Critics’ Notebook: 2016 Lexus RX 450h F Sport

Controversial styling, numb handling, and the world's worst infotainment system still can't kill the best-selling luxury SUV in America.

Lexus RX 450H F Sport

This intersection in Syosset, Long Island could be any suburb, anywhere. Orderly houses, mall sprawl, parking for miles. It says everything about how SUVs have come to own (or lease) the American landscape. Sitting at a stoplight, ready to hum off on battery power, the Lexus RX450h hybrid is hemmed by a BMW X5, Jeep Grand Cherokee, Lincoln MKX and Acura MDX. Competitors all, and not a sports car in sight.

This restyled 2016 Lexus must be the homeliest of this idling bunch. Between its bumptious spindle grille and hectic, horned-toad creases, the RX offers the most useless geometry since junior high. But its Lexus and Toyota parents won’t mind, because its honor student will always ace math: The RX is a lock to outsell the aforementioned rivals, along with the Mercedes GLE, Volvo XC90 or new Cadillac XT5—exponentially, in most cases. In America, only two luxury vehicles manage to find 100,000 buyers in a year. Those two luxury vehicles are the Lexus RX and the BMW 3-Series.

So it’s almost impressive to see Lexus go all experimental on the RX’ redesign, like some Japanese Georges Braque, at the risk of alienating its bourgeoisie audience. Oh, who am I kidding? Lexus RX fans are like theWalking Dead of auto shoppers. They’d stumble past three German dealerships and the decomposing corpse of Lincoln to swarm another Lexus. Yes, it’s a no-brainer.

Just a few more calumnies, then, and I’ll get to the good stuff: The Lexus’ mouse-like Remote Touch controller, despite minor upgrades, remains the most hapless infotainment interface in the industry. Imagine plucking a pancreas in Operation while trying to drive. This thing makes Cadillac’s CUE or Jaguar’s ancient touchscreen look like Steve Jobs’ best 3 a.m. epiphanies. At one point, including a start-over demanded by the controller’s volatile operation it took more than 30 keystrokes to scroll to a radio station and enter it as a preset. And while one theory is that such controllers can reduce proliferation of controls, the RX has 83 switches and pushbuttons, spreading like measles across its front doors, steering wheel, center stack and console.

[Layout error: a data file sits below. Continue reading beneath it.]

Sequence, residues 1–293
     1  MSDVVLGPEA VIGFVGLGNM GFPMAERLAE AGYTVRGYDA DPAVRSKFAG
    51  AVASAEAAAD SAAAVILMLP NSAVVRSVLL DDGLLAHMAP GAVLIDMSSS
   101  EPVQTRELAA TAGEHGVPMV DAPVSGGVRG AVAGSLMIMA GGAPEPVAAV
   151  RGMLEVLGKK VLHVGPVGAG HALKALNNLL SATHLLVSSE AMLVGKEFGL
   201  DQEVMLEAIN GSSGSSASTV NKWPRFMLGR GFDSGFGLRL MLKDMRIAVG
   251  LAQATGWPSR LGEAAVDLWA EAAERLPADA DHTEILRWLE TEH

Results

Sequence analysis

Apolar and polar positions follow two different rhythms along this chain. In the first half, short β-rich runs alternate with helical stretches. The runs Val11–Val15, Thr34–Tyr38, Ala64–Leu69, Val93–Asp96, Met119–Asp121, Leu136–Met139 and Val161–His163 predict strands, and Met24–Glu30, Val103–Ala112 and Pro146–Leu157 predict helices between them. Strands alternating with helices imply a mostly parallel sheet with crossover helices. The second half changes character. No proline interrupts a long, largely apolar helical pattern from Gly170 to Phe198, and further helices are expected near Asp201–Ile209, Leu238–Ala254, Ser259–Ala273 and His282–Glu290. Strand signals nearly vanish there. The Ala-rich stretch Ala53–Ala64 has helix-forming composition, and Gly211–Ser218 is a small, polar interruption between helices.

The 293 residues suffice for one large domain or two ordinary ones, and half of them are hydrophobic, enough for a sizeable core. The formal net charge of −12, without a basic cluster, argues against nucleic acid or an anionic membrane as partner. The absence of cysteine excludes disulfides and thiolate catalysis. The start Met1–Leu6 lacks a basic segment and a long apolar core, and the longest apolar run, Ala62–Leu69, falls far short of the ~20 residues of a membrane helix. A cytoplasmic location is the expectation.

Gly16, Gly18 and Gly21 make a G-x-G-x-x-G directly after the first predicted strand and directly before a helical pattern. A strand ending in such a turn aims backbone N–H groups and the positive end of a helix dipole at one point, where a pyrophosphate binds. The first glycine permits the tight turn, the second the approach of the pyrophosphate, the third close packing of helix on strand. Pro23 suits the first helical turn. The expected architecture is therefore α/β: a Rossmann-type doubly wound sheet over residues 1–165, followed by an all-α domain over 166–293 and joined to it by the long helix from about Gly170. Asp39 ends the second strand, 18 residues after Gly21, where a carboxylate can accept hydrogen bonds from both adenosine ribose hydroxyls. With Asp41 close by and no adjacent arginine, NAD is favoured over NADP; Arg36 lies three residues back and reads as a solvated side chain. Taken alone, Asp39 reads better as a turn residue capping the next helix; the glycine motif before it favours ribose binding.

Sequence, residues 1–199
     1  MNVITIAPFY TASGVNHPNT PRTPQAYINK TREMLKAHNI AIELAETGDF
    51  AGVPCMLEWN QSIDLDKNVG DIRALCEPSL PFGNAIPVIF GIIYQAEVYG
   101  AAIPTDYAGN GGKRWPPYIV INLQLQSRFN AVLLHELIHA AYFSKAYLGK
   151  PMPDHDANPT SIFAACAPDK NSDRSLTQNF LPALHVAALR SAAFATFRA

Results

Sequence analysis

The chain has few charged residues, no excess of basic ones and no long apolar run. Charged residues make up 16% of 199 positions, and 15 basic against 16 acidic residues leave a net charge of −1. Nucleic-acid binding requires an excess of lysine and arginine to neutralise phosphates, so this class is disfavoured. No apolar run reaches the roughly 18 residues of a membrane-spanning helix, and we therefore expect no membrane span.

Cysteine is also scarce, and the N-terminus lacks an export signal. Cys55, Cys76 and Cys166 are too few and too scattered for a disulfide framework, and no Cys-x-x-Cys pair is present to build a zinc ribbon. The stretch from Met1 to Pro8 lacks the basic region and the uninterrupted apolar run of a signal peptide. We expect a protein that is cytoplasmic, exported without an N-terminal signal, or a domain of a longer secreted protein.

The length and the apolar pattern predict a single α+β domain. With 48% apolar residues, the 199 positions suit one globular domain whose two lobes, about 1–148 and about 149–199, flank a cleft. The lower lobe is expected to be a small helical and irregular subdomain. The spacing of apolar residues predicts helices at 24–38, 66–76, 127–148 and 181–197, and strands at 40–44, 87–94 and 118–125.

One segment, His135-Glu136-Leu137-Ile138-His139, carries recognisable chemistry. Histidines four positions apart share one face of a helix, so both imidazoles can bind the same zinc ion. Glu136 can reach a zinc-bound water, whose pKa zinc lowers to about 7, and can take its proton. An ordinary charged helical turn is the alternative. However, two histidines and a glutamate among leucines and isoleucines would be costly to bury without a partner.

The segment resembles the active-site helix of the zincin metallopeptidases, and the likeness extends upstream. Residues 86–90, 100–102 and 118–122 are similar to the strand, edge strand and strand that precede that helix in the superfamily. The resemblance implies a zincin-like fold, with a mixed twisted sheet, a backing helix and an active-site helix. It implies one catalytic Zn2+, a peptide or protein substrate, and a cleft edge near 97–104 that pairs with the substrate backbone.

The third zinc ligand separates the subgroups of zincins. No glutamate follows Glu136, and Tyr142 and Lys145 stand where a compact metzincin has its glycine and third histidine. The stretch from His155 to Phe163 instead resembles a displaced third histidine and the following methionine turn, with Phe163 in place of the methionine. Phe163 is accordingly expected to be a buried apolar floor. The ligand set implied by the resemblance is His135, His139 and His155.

But the rest, as long as you weren’t expecting BMW handling, is damn good. (And I’ve yet to hear an RX owner say, “I’m really disappointed in the handling.") Instead, they say the RX is bulletproof, the ideal family car. Or that “It’s like driving your living room down the street.” That’s exactly what a former owner, on his way to golf in Orlando, said when he saw my RX 450h hybrid as we boarded an airport shuttle—right after he confused the Lexus with a Honda, expressed reservations over the styling, but said he’d probably buy one anyway. (Can I get a job selling the RX)?

Lexus’ living room is quieter and better-decorated than before, in an RX that’s grown five inches longer, though there’s still no third row. My hybrid featured a snazzy maroon leather interior; a 12.3 inch split-screen display is a new option, perched like a drive-in screen atop the dash. Too bad mine was just the standard 8-inch version contained within a larger frame, a permanent reminder of a buyer's stinginess. One clever new feature involves a secret handshake: Hold a hand over the translucent Lexus badge at the rear to open the liftgate.

Using the Lexus as intended, I chauffeured my nine-year-old daughter on a daytrip to a trampoline center, and was pleased to find the RX no longer sproings and wallows over challenging pavement. The RX 450h sponged up potholes and expansion strips with aplomb, even on optional 20-inch alloy wheels. RX handling remains soft, but no longer sleepy, especially with the optional F-Sport treatment, whose many additions include adaptive dampers. This latest Hybrid Synergy Drive makes a peak 308 horsepower, with dual electric motors—plus a third electric motor powering rear wheels independently in AWD versions—mated to a 3.5-liter V-6 and an old-school nickel-metal battery. It still rewards and encourages steady, light-throttle cruising; with the gas engine shut down, the RX rolls downhill as hushed as any Bentley or Rolls. But unlike, say, a Toyota Prius, it’s possible to drive much faster without the system resisting forward progress. Figure a 7.7 second run to 60 mph, same as the 295-hp RX 350, with surprising reserves of electric-boosted power for highway overtaking.

For me, the real pleasure came from maxing out mileage: This is the rare hybrid SUV that delivers on its promise, including a 30-mpg rating in combined city and highway driving—a nice leap over the 22 mpg of the all-wheel-drive RX 350. That’s best in class by a good margin, with the diesel-powered Mercedes GLE d 4Matic closest at 26 mpg. Even in the on-off spigot of Long Island traffic, the Lexus showed me a stellar 31 mpg over three hours of city and highway driving.

The cheap-gas phenomenon does the hybrid version no favors, especially with a base price that’s soared to roughly $10,000 beyond comparable all-wheel drive gasoline models. Roughly $5,000 of that is for the hybrid tech, the rest for luxury stuffing you’re forced to consume. Fortunately for Lexus, there’s still the RX 350, for which the selling is always easy.

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2016 Lexus RX 450h F Sport
Price (as tested): 
$58,045 ($60,995)
Powertrain: 3.5-liter, 259-hp V-6; three electric motors, total 308 horsepower, AWD
0-60: 7.7 seconds
MPG: 28 city/30 highway
Popularity: Unmatched